What Are We Fighting for? Development Vs. Security in European Policies Against Illicit Financial Flows

Thursday, 2 July 2015: 10:15 AM-11:45 AM
CLM.B.05 (Clement House)
Aitor Perez, Elcano Royal Institute, Madrid, Spain; Elcano Royal Institute, Madrid, Spain
Iliana Olivie, Elcano Royal Institute, Madrid, Spain
What Are We Fighting for?

Development vs. Security In European Policies Against Illicit Financial Flows

Aitor Pérez and Iliana Olivié

Illicit financial outflows from developing countries in 2011 have been estimated at US$946.7 billion, meaning that for each dollar developing nations receive in foreign aid, ten in illicit money flow abroad. Although these estimations are not generally endorsed, several NGOs and research instites agree on the relevance of international illicit flows (IFF) and their impact on developing countries. The issue will be part of the UN post-2015 development finance agenda, according to its Intergovernmental Committee of Experts on Sustainable Development Financing.

The fight against illicit flows is very much focused on regulation to make the financial system more transparent. The Financial Action Task Force and the Base Erosion and Profit Shifting plan of action (both OECD initiatives) seem to be the most effective initiatives in this domain. The civil society organizations that have contributed to highlight this problem, also advocate an increased financial transparency in developed countries. Their demand is based on the idea that these flows are supported by a global infrastructure of banks, lawyers and accounting firms, mainly in OECD countries and their satellites. In other words, increased financial transparency in developing countries, would reinforce public authorities’ surveillance of suspicious transactions, and this would stop illicit outflows from developing countries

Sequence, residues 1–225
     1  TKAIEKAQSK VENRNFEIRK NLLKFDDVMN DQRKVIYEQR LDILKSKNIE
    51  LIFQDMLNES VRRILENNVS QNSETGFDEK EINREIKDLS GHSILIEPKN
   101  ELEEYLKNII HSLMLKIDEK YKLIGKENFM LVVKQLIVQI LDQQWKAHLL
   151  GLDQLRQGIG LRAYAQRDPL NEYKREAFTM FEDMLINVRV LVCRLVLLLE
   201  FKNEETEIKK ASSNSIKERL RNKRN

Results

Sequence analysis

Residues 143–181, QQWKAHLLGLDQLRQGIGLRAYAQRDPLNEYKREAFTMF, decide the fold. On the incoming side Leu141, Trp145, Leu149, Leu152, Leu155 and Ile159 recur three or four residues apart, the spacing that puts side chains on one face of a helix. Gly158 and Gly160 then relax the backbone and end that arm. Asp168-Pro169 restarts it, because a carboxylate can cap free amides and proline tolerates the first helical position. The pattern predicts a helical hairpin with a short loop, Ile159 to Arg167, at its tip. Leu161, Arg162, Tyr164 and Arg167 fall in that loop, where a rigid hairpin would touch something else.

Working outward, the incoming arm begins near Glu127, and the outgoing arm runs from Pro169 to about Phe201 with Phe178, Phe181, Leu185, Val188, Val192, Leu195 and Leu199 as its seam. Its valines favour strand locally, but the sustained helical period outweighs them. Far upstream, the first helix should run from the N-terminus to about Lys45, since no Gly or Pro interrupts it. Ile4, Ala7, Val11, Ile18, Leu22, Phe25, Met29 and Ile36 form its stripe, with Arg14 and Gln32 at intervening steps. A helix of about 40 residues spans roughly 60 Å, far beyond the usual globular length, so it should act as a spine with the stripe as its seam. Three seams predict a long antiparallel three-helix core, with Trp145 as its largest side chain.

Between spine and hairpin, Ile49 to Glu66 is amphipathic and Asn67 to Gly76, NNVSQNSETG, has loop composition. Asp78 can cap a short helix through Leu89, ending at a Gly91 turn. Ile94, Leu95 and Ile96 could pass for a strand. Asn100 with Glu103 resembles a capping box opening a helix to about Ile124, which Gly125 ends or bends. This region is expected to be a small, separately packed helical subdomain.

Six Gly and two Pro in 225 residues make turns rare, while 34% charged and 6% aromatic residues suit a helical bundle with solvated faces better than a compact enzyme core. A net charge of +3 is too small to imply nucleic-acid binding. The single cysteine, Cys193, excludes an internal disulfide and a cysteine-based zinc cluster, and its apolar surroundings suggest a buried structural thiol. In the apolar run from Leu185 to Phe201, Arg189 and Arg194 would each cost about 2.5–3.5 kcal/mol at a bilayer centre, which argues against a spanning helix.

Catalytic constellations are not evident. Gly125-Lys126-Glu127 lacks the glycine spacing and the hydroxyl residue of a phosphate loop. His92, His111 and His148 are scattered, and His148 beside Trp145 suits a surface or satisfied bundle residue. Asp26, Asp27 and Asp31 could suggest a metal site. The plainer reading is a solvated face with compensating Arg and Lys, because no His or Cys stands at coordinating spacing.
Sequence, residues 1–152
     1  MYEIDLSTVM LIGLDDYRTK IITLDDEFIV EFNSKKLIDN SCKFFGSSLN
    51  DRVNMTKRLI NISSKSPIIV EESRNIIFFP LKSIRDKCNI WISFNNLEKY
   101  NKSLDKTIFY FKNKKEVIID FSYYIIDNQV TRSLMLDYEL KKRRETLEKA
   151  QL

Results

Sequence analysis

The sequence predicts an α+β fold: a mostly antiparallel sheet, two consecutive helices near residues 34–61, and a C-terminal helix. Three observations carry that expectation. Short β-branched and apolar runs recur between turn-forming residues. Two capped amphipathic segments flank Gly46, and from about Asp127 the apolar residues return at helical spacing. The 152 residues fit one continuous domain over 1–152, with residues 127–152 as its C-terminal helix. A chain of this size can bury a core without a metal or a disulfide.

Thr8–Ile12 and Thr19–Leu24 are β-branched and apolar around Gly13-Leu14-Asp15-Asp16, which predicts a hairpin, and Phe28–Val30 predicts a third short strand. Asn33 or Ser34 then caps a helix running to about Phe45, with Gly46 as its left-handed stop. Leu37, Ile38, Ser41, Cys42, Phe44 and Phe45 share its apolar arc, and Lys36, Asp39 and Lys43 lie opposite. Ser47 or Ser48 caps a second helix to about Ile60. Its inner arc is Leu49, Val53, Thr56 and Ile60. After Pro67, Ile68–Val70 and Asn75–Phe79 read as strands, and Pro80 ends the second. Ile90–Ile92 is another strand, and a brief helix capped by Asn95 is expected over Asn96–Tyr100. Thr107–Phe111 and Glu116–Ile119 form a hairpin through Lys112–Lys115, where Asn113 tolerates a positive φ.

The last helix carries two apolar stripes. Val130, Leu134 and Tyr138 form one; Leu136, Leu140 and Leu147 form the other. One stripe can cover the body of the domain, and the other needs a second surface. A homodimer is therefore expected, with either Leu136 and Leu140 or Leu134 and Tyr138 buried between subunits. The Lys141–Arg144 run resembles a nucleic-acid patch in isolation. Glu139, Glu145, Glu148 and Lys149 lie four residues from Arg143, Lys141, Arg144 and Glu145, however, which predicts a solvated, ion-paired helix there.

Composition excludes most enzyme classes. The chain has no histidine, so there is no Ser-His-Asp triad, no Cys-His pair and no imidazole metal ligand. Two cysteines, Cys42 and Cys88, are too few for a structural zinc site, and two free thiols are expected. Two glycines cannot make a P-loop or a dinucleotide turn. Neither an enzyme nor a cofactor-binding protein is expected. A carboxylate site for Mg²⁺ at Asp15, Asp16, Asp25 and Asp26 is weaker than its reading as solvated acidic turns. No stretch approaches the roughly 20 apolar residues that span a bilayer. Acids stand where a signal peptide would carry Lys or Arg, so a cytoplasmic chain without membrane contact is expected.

Based on a case study in Europe, we argue that the current regulative agenda on financial transparency agreed at the OECD level, must be complemented with a more inclusive system of international information exchange and cooperation, in order to positively impact on development finance.

The EU financial system, although still heterogeneous in terms of financial regulation, shows a relatively high degree of financial transparency and makes progress in the achievement of international agreed regulation. Within the EU, some countries stand as world best performers in financial transparency according to the Financial Secrecy Index, and FATF peer reviews. However, an in depth-study analysis of the EU Institutions and three member States (Luxembourg, Belgium, and Spain), show that this is having little impact on developing countries because the information accessible to European national authorities is not systematically shared with developing countries.

We also found out that, in all cases, the analyzed legislative and administrative measures are motivated by goals other than development finance, mainly the fight against international terrorism and organized crime. Moreover, despite of different academic contributions, some of them sponsored by the IMF and the WB, Governments have not put in place a system assessing their exposure to flows and cannot monitor policy impact in this domain. They have put in place activity-based monitoring systems, but neither have estimations on the scale of the problem, nor know about its geographical distribution.

Based on these findings, we propose a global approach to illicit financial flows: a more inclusive governance architecture, and a financial facility allowing developing countries to catch up with OECD countries’ legislation and capacities. An analysis of financial transparency as a global public good would probably conclude the same.